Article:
How to quickly calculate two pawns facing two pawns

A situation that often seems to confuse me is when I push a pawn alongside two pawns that are head-to-head and my opponent pushes the opposing pawn, such as when Black plays c5 to my c4.

``````rnbqkbnr/pp3ppp/4p3/2pp4/2PP1B2/8/PP2PPPP/RN1QKBNR w KQkq - 0 4
``````

Suddenly, there are four moves to consider.

1. I play dxc5.
2. I play cxd5.
3. Black plays cxd4.
4. Black plays dxc5.

I find it challenging to quickly sort through the options and even understand whether I'm losing or gaining a pawn, let alone considerations like the resulting pawn structure. In this case, it looks like if I play cxd5, Black may end up with an isolated d pawn.

Are there any shorthand methods for quickly analyzing these two-pawns-facing-two-pawns situations to predict the outcome? Or, failing that, rules of thumb which lead to reasonable outcomes?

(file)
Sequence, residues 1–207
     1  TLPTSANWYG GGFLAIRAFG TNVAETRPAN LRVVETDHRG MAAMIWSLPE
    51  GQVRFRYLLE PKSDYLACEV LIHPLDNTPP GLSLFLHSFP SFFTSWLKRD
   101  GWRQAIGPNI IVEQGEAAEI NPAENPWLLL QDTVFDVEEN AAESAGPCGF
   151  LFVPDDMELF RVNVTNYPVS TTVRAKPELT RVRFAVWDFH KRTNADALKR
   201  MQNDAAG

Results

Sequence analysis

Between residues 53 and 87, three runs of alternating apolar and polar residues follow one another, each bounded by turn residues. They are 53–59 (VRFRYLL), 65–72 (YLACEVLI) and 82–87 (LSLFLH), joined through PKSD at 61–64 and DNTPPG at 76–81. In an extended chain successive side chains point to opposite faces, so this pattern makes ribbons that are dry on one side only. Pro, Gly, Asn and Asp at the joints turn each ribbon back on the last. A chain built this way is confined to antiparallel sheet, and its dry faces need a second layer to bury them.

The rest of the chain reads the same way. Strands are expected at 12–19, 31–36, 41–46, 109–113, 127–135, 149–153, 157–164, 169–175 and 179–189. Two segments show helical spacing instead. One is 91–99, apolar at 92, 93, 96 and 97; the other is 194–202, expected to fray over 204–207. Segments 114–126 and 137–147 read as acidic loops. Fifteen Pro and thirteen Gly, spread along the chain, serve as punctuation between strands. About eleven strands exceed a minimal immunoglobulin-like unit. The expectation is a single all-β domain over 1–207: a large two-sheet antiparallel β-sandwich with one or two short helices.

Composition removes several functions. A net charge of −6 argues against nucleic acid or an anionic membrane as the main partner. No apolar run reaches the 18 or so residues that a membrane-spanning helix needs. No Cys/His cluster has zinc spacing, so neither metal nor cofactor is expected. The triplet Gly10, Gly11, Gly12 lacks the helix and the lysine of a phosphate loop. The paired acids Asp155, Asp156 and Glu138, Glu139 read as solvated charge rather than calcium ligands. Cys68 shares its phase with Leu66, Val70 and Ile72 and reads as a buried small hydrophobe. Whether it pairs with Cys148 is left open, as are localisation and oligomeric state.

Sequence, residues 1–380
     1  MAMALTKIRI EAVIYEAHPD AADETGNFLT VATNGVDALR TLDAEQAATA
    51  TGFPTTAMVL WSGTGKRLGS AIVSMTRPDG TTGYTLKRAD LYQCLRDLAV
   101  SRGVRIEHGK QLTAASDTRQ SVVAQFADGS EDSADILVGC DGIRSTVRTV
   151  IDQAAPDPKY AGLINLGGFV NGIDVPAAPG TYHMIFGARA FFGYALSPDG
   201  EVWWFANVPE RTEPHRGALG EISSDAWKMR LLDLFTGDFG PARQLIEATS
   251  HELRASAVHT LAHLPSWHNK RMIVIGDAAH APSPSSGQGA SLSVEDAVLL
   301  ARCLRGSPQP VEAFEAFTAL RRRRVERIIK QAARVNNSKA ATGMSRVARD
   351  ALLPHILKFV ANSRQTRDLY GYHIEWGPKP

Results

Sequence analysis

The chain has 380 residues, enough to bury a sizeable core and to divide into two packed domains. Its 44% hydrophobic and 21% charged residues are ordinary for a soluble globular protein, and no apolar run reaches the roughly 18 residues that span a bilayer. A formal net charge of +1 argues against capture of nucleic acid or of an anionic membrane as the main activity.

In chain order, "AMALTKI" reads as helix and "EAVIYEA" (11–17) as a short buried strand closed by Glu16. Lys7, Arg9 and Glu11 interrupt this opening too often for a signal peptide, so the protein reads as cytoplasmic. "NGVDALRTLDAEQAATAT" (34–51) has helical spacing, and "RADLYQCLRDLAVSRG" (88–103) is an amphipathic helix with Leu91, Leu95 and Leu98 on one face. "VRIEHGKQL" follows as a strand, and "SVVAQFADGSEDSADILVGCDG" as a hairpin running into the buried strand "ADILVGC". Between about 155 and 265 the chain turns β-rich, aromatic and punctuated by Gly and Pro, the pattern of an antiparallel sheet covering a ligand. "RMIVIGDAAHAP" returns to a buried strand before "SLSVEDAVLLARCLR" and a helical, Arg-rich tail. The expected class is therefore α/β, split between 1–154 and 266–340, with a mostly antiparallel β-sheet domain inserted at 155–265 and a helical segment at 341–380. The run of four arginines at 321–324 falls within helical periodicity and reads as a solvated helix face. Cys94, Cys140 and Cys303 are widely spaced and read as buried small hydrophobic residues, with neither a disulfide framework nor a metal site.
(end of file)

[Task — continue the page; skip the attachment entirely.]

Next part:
• I suggest a search in databases. My experience but a not exhaustive one, teached me that the first to capture is usually the first to lose its advantage. Just check under what circunstances it holds true. Look for the moves that defends attacked squares after some piece capture one of the pawns, particularly with an incomplete development as in position shown. Jun 15, 2021 at 5:51
• @djnavas forcing your opponent into an isolated-central-pawn type of structure is sometimes a good idea though Jun 15, 2021 at 7:57
• @djnavas: Your experience is backed up by GMs - at least once I read that in Pd3/e4/f4/g3 vs Pd6/e5/f5/g6 you should not take first. (Disclaimer: chess is concrete.) Jun 15, 2021 at 8:16